"I know it am, mamma; I know all about him. Now, shall I tell you
another story?"

"Oh, yes; I like your stories when they are as nice as this one."

"Well, now listen; this is my other story and it is all true:

    'Neighbor Phinney had a turnip,
      And it grew behind the barn;
    And it grew and it grew, an'
      And it ne'er did any harm.

    'And it grew, and it grew,
      As, until it could grow no better,
    Then Farmer Phinney took it up
      And put it in his cellar.

    'And it lay, and it lay,
      Until it began to rot;
    And his daughter Sarah took it up,
      And put it in a pot.

    'And it boiled, and it boiled,
      As long as it was able;
    And his daughter Mary took it up,
      And put it on the table.

    'Then Farmer Phinney and his wife,
      When they sat down to dine,
    They ate, and they ate,
      And they thought that turnip fine.'"

"There, isn't that a nice story, mamma?"

Mamma, feeling a tremendous distance between that story and the last
one, concludes that it is time to give the boy his morning bath, and
kiss his little tongue into quiet for a few minutes.




It was July, and the great city was very hot. Day after day the fiery
sun rose and blazed away with all his might on the dusty pavements and
heated houses. All the people too who could were leaving the city.

But the poor were obliged to stay, no matter how the sun beat down
into their narrow streets and small stifling rooms. There had been no
rain for a long time; many people were sick and dying, and the world
looked very dark to some of them. Mrs. Holmes lived high up in the
topmost rooms of a tall block of buildings. Her rooms were small and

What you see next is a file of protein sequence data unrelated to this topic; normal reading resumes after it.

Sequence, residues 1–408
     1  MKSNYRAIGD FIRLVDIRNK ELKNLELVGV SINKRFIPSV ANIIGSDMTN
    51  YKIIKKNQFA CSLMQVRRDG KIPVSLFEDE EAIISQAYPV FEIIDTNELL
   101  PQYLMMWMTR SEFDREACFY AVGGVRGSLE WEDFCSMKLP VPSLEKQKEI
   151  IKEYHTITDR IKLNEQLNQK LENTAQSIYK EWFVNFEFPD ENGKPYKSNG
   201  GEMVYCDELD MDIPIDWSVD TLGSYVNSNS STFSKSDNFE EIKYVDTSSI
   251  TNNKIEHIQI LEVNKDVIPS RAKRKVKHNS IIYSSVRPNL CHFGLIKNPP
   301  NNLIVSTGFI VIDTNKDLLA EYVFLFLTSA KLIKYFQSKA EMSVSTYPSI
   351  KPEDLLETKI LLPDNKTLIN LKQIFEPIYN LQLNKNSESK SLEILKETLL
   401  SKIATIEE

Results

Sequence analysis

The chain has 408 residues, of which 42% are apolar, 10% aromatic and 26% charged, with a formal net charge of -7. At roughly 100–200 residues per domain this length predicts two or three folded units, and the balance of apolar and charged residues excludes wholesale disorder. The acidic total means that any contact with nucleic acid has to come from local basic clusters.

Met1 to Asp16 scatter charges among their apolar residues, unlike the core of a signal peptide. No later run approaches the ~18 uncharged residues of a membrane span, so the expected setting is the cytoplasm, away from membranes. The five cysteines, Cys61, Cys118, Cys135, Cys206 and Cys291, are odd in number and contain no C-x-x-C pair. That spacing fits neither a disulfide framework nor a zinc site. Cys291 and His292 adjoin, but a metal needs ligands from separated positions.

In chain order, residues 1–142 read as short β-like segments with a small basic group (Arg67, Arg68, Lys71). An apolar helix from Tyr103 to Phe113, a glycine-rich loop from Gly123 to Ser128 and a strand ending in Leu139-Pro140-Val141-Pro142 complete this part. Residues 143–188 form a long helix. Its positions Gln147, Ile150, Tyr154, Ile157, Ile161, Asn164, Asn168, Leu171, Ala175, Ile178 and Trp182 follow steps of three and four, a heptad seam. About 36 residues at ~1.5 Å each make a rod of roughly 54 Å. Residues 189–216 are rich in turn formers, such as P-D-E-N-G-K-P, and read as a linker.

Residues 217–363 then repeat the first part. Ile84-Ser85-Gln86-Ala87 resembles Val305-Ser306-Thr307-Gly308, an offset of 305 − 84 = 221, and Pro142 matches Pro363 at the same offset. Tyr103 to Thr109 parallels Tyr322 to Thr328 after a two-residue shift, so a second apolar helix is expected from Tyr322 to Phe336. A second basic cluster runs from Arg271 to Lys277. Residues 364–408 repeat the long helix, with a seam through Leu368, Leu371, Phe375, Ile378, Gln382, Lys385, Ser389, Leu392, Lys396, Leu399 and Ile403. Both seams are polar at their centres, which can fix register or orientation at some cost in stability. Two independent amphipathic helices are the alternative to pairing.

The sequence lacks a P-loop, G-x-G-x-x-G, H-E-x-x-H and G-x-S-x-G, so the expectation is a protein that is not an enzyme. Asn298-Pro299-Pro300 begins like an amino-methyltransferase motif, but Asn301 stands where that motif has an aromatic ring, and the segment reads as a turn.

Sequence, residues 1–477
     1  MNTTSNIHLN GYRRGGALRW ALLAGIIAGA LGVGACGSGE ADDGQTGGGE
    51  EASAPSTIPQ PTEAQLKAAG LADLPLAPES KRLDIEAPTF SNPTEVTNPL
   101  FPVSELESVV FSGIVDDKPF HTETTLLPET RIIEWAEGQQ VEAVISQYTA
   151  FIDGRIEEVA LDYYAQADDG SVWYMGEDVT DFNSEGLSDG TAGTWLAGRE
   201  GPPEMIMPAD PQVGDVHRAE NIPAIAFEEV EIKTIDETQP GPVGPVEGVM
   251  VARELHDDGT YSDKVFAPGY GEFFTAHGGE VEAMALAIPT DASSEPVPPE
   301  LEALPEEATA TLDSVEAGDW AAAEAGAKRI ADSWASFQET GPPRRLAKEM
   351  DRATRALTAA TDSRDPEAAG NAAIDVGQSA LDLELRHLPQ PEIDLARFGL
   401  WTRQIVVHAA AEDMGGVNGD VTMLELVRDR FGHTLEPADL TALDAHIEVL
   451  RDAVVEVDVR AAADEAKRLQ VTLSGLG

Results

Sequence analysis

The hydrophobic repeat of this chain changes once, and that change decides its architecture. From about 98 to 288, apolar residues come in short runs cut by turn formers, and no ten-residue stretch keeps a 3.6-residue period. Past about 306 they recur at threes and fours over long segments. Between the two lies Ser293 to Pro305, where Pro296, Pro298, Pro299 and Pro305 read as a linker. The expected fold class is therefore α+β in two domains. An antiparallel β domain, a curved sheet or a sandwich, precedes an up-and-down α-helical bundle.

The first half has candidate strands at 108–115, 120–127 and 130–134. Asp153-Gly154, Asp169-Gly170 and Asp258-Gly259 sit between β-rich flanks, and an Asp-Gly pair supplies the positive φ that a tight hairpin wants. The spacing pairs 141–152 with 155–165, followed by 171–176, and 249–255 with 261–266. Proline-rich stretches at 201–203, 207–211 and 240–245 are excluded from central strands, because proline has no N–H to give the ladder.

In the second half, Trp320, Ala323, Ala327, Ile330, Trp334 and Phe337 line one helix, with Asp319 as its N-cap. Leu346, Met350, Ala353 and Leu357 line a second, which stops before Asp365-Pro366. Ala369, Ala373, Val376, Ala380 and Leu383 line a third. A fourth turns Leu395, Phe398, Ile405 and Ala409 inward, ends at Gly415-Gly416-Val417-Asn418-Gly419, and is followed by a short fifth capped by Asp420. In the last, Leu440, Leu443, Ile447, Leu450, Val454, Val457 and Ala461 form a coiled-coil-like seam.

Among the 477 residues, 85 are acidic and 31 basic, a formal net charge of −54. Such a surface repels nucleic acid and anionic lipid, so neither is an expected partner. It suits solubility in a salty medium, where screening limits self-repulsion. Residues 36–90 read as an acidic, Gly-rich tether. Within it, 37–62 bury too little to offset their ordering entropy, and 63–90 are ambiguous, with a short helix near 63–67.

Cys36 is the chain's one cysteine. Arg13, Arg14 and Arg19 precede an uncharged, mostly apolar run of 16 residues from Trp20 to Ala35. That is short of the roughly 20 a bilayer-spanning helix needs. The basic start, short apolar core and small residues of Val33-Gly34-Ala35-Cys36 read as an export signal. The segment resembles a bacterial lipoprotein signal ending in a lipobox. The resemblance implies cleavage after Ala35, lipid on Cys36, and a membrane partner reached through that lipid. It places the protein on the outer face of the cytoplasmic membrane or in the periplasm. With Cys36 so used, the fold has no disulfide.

hot, for the sun shone into her windows and upon the roof all the long
day. She was a seamstress and a widow with one little daughter,

Mrs. Holmes was very sad and troubled, for Nettie had not been well
all the spring, and now she seemed like a little wilted flower; no
strength, nor appetite, though mamma denied herself everything that
she could to get nice little things to tempt her darling. The doctor
had said she must have change of air, must go into the country. He
might just as well have said she must go to Europe, for Mrs. Holmes
had no dear old home in the country waiting to welcome her; no uncles,
aunts and cousins, writing "When will you come?" So she sat through
the long afternoon and tried to sew as well as she could with the
heat, and the flies, and her sad thoughts.

Nettie was lying on the bed asleep, her little face as white as the

"She is going to slip right away from me, and leave me alone," the
poor mother groaned to herself. "Oh, Father in heaven, help me!" she
cried. "Show me what to do for my dear little daughter." The help was
nearer than she thought.

"Mamma," said Nettie, sitting up very suddenly, "I had a nice dream; I
guess I was in the country, for there were trees all around, and
green grass, and birds singing; and such beautiful flowers! Are there
any flies there?" she said, as she brushed a troublesome one from her

The tears came in her mother's eyes, for she remembered dimly the
pleasant cool rooms, darkened by blinds and shade trees, where
scarcely a fly dared set it's foot, but that was long ago.

Mrs. Bertrand lived in the city, too, and she was a widow also. The
difference between her and Mrs. Holmes was that Mrs. Bertrand had a
great deal of money, and lived on the broad avenue, in a stone house,
with marble steps. She lived there winters, but as soon as the first
warm days came she packed all her handsome dresses into her trunks,
and started for her house in the country, a lovely spot on the shore
of the bay. There she spent the pleasant summers, rambling over her